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This paper discusses how the problem of intimate partner violence (IPV) in the United States is both pervasive and historically omnipresent. Intimate partner violence is usually a term used to describe physical assault or battery levied by a family member, romantic partner, caretaker or acquaintance against such a relation. In particular, the paper takes a stance with the understanding that there may be some value in measuring the differences between intimate partner violence based on gender differences. Using the MMPI assessment tool as a lens for comprehending the psychological and character qualities of both male and female batterers, the paper investigates the socialization of the genders respectively and how this impacts their variant tendencies toward violence.
From the Paper:"The Violence Against Women Act of 1994 (VAWA) designated that federal dollars be earmarked for programs which could provide a sensitive but much needed intervention. By giving battered women a chance to find alternative shelter, counseling on legal rights and options for evasion of Intimate Partner conditions which could be hazardous and potentially even deadly, its aim bore an apparent slant toward social service rather than law enforcement or the improvement of judicial deterrence. Among its provisions, the legislation, "created a national domestic violence hotline and allocated substantial funds for . . .programs to increase outreach to rural women. (MAHR, 1) This was an important leap in contending with the socio-cultural elements of Intimate Partner violence, which have been enabled for so long by an institutional neglect of the patriarchal legal system to rectify a crisis predominantly facing women and children. Long relegated by their lack of governmental representation, such individuals had gained powerful advocacy by lobby groups and feminist rights organization by the 1990s, a time when such had emerged as prime players in the political process."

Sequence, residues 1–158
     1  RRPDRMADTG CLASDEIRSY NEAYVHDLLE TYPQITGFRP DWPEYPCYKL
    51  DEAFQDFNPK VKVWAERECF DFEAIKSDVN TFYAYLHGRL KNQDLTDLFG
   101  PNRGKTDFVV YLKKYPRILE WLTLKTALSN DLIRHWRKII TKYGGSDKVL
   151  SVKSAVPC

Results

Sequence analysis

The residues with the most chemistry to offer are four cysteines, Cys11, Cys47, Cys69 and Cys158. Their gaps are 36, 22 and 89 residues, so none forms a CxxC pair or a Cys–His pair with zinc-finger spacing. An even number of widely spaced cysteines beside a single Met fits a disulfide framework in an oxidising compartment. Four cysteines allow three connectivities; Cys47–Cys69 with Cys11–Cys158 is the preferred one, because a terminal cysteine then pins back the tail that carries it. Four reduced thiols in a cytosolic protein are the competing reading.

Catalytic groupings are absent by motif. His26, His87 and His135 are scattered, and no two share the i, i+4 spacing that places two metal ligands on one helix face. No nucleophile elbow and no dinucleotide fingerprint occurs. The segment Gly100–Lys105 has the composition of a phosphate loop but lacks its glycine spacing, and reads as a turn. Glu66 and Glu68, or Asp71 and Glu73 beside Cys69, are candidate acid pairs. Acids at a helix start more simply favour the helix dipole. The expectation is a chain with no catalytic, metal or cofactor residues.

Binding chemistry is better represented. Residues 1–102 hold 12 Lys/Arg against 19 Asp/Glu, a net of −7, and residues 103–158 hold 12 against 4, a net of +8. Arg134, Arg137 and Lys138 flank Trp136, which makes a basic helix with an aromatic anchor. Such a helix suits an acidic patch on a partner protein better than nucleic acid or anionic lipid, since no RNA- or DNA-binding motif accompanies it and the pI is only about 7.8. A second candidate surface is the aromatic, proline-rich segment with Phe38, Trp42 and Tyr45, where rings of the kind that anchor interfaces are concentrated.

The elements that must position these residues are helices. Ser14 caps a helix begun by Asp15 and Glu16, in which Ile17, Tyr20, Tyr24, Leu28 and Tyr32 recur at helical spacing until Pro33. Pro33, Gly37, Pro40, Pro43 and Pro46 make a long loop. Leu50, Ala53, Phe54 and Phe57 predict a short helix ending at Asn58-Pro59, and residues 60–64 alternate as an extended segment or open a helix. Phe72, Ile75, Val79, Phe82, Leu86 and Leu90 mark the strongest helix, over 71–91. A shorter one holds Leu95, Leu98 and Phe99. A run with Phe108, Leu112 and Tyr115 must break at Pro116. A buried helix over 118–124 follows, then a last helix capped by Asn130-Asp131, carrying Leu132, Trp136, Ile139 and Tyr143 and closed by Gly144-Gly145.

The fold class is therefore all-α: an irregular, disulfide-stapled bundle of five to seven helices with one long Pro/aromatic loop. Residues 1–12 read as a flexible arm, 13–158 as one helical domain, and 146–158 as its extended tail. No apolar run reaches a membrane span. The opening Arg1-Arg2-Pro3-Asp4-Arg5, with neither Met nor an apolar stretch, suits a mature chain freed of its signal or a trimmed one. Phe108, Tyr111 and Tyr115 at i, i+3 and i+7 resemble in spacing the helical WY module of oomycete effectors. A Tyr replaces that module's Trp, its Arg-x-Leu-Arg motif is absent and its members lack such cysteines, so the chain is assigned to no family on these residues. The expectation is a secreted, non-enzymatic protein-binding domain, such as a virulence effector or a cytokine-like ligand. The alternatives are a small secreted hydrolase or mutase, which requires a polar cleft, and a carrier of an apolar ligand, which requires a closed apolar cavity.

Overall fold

Sample of Sources Used:
- Archer, J. (2000). Sex differences in aggression between heterosexual partners: A meta-analytic review. /Psychological Bulletin/, /126/, 651aE"680.
- Bell, K., & Naugle, A. (2008, October). Intimate partner violence theoretical considerations: Moving towards a contextual framework. /Clinical Psychology Review/, /28/(7), 1096-1107. Retrieved September 8, 2009, doi:10.1016/j.cpr.2008.03.003
- Bohmer, Carol; Jennifer Brandt; Denise Bronson & Helen Hartnett. (2002). Domestic Violence Law Reforms: Reactions from the Trenches. Journal of Sociology and Social Welfare.
- Cascardi, M., & Vivian, D. (1995). Context for specific episodes of marital violence: Gender and severity of violence differences. /Journal of Family Violence/, /10/, 265aE"293.
- Centers for Disease Control and Prevention. (2006). /Understanding intimate partner violence: Fact sheet/. Retrieved September 15, 2008, from http://www.cdc.gov/ncipc/dvp/ipv_factsheet.pdf
Cite this Research Paper:
Intimate Partner Violence and Gender (2012, May 29) Retrieved May 18, 2013, from http://www.academon.com/research-paper/intimate-partner-violence-and-gender-151194/
"Intimate Partner Violence and Gender" 29 May 2012. Web. 18 May. 2013. <http://www.academon.com/research-paper/intimate-partner-violence-and-gender-151194/>